According to the American Osteopathic Association, a sedentary lifestyle can increase your risk of serious physical conditions, ranging from posture and back problems to weight and heart problems. To combat complications, increase the amount of daily exercise you’re getting. Also, instead of consistently sitting behind a desk and staring at a computer screen, take frequent breaks to move around and do some stretches. This can revive your energy, get your blood flowing and keep your muscles flexible. The following stretches might come in handy.
To stretch your arms, upper back, chest and fingers, stand up extend your arms forward at shoulder height. Then clasp your hands together and rotate them so your palms face away from your body. Imagine someone is pulling at your hands and round your upper back to emphasize the stretch. After a 10-second hold, raise your hands overhead so your palms face the ceiling and imagine someone is pulling you up by your hands so you feel the stretch all the way down to your abdomen. After 10 seconds, lower your arms and clasp them behind your back with your palms facing your body. Push your chest forward and your shoulder blades together and breathe through this stretch for 10 seconds.
Torso Twist Stretch
For a relaxing lower back stretch, sit on your chair and cross your right leg over your left. Then grasp the outside of your right thigh with your left hand and twist your torso toward the right. Keep your back straight and your body elongated as you twist your torso and look over your shoulder. For extra support, hold onto the backrest of the chair with your free hand. Hold this stretch for 15 seconds, then cross your left leg over your right and repeat the stretch on your other side.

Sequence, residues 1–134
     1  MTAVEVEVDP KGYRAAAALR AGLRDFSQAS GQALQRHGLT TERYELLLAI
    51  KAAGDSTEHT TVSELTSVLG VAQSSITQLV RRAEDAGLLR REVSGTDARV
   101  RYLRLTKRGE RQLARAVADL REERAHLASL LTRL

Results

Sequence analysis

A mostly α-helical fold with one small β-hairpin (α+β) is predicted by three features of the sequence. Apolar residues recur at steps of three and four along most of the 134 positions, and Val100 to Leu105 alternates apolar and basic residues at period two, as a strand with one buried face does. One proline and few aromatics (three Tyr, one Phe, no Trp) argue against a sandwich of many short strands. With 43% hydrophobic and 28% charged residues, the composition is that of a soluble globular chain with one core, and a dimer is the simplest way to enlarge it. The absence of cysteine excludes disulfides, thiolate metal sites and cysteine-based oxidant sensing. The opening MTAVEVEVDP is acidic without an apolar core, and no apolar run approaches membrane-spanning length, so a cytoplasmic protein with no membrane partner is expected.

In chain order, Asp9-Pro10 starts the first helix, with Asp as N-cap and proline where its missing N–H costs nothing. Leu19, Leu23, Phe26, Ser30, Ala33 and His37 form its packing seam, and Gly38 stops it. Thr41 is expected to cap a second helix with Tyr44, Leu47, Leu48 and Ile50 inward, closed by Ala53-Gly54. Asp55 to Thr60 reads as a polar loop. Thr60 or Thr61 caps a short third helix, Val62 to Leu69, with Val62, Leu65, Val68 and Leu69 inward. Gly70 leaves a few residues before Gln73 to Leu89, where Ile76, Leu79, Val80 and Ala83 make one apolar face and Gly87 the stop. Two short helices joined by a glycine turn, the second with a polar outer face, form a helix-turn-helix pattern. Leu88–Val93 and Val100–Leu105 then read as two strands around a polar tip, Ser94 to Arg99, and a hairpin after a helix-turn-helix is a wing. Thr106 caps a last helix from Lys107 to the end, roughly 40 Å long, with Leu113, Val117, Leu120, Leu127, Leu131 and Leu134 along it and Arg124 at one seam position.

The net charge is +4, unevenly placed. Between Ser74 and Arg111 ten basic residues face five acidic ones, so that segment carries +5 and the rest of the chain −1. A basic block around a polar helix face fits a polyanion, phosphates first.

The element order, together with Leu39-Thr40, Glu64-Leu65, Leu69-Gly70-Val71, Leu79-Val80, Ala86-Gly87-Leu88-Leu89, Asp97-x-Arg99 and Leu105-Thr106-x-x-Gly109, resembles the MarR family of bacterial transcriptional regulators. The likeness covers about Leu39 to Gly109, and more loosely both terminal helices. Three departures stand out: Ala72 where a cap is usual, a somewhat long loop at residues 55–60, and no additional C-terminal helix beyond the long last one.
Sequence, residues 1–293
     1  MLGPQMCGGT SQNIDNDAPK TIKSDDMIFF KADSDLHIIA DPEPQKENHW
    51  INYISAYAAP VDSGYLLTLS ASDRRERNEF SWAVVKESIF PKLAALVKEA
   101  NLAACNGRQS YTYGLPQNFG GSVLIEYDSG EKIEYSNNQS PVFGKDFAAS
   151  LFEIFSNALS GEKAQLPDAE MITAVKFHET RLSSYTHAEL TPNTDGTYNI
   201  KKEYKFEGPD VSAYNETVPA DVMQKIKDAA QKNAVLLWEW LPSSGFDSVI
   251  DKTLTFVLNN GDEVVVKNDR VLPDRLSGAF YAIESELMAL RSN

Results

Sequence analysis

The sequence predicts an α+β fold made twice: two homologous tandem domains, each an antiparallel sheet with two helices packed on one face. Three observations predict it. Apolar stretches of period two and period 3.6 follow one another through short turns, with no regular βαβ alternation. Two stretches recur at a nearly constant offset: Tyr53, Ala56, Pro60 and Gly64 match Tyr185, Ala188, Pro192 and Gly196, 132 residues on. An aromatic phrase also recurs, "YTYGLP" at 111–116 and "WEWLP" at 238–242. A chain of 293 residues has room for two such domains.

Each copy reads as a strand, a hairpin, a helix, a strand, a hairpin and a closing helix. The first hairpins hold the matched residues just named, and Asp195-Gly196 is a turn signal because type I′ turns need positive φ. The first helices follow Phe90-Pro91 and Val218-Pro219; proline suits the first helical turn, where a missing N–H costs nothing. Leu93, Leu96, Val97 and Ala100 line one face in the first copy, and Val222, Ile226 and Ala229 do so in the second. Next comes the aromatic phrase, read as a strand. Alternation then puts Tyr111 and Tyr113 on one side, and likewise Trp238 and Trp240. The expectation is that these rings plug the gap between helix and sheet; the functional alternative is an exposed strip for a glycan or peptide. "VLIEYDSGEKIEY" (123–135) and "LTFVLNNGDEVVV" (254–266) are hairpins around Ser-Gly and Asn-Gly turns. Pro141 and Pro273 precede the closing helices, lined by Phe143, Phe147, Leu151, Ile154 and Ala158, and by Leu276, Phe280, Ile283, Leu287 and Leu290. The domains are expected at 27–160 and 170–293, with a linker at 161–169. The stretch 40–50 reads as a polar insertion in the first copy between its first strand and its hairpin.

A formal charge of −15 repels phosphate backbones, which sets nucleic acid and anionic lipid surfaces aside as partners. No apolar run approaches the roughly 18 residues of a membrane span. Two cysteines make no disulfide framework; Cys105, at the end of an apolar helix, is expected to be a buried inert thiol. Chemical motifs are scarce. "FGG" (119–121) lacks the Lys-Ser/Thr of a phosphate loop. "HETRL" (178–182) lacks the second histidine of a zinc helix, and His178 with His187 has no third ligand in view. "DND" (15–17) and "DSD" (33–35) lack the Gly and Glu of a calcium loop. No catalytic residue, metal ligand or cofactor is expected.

Consistently staring at a computer screen can results in a stiff neck. To prevent this perform gentle neck stretches. While sitting or standing, lower your chin to your chest for 10 seconds. Then look up at the ceiling for 10 seconds to stretch the front of your neck. After returning to an upright seated position, bring your right ear toward your right shoulder as much as you can. You should feel a stretch in the left side of your neck. Hold this for 10 seconds, and then bring your left ear toward your left shoulder for another 10 seconds.
To elongate the muscles in your legs, perform wall stretches. Face a wall while standing in a split stance. Place your hands on the wall and lean into it while keeping your feet flat on the floor. You should feel a nice stretch in the calf of the foot that’s furthest from the wall. Hold this for at least 15 seconds before switching sides. After this stretch, hold onto the wall for support with your right hand. Then bend your left knee and bring your heel up to your buttocks. Gently pull your foot closer to your butt with your left hand to emphasize the stretch in the front of your thigh. Repeat this on your other side, holding each stretch at least 15 seconds.
American Osteopathic Association